Skip to content Skip to sidebar Skip to footer

SPCA International Donations

When the coronavirus hit the United States last year, the pandemic sent shockwaves through the animal welfare community. In those early days, before everyone you knew contracted the "pet epidemic," adoptions actually slowed as people adjusted to prison life and many animal shelters had to close.

Into the void stepped New York-based charity Society for the Prevention of Cruelty to Animals International, for which the pandemic presented a useful and profitable opportunity.

SOVID has been a public relations boon for the organization, with its leaders quoted in the New York Times, the Detroit News and a lengthy write-up by Forbes.

In an uncertain spectacle for animal lovers - remember when people weren't sure if their pets could spread the virus? SCAI management presented itself as a trusted expert. "Our global partnerships have given us a unique view of what's going on," the charity's then chief executive, Meredith Ian, told a reporter last year.

The railroad strike had been looming for years

Amid this PR blitzkrieg, the group used all the classic animal fundraising metaphors — majestic dogs with big, sad eyes, for example — harnessing the enduring power of cute puppies to separate people from their dollars with pleas urging donors to they save the "hungry."

Abandoned pets. SCAI's request from May last year showed the dire situation in India during the brutal wave of the pandemic. "They are operating with structural staffing due to reduced mobility and increased number of COVID-19 cases," the email warned.

"And they quickly run out of money." The appeal promised that donations would be sent "to groups in India that keep animals safe". But anyone who has spent time digging into the group's financials will find reason to worry about where their money actually ends up.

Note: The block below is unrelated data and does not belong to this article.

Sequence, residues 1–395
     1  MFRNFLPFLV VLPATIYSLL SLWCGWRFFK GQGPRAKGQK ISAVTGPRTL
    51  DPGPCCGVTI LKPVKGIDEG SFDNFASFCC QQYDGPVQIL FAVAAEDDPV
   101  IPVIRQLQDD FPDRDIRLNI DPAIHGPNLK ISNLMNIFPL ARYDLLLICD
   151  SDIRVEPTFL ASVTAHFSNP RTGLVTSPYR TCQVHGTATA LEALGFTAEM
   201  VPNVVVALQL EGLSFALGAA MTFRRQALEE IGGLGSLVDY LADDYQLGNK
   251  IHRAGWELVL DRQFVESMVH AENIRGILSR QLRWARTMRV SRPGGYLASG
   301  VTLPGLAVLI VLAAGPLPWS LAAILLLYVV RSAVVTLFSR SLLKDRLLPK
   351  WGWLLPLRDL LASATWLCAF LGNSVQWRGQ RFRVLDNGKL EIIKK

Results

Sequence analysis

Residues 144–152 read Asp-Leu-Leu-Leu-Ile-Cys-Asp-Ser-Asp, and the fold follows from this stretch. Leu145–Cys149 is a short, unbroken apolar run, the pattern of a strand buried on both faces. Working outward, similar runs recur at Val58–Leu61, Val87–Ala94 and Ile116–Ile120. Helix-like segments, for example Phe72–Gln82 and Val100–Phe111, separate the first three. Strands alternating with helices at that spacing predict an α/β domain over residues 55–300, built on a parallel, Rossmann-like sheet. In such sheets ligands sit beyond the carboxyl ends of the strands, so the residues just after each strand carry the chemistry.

Despite the nearly identical acronyms, SPCAI is not affiliated with the 155-year-old American Society for the Prevention of Cruelty to Animals (the ones you know from the Sarah McLachlan commercials) or your local animal shelter.

Unlike shelters that directly care for rescued animals, the SPCAI, which boasted an annual budget of $21 million in its most recent tax filing, is even more troubling, raising money without letting funders know that the organization, at best, case, is essentially a Channel.

While she runs some programs herself, including a much-publicized effort to reunite U.S. soldiers with homeless animals they befriended during their deployments, she mostly works to redirect the money she receives to other nonprofits through grants. The distinction is often lost in SPCAI advertisements, which are about more direct action.

Many other nonprofits operate in a similar way, but primarily grant-making organizations can be easy fodder for cash when so little of that money goes toward the organization's purported charitable mission. (A SCAI spokesman said the charity had "awarded grants to more than 300 animal welfare organizations since 2007, including shelters around the world".)

SPCA International Fundraising Appeals

Contrary to claims in fundraising appeals, most of the money SPCAI raises never ends up in the hands of an animal shelter. Since it was founded by the charity's longtime CEO Pierre Barnotti as the international branch of an animal welfare charity in Montreal, the SPCAI has spent just over 20 percent of its total revenue on genuine programs and services that help animals.

CharityWatch, a leading rating company, says that "high-performing" charities devote at least 75 percent of their donations to program services.

The recipient of most of SPCAI's donations during that time is a controversial series of fundraising companies that have often been the target of state and congressional investigators.

Thanks to its expensive direct mail fundraising campaign, SPCAI has generated more than $170 million in revenue since its inception in 2006, a staggering amount for any nonprofit organization, let alone one with fewer than 10 employees. full time on his website.

But more than 40 percent of that sum went to companies run by Mark Schulhoff and members of his family, who maintain long-term relationships with Barnotti. SPCAI's review of financial documents and interviews with several people associated with Barnuti and the charity show that he refused to cut ties with the Schulhoffs, even after their original company agreed.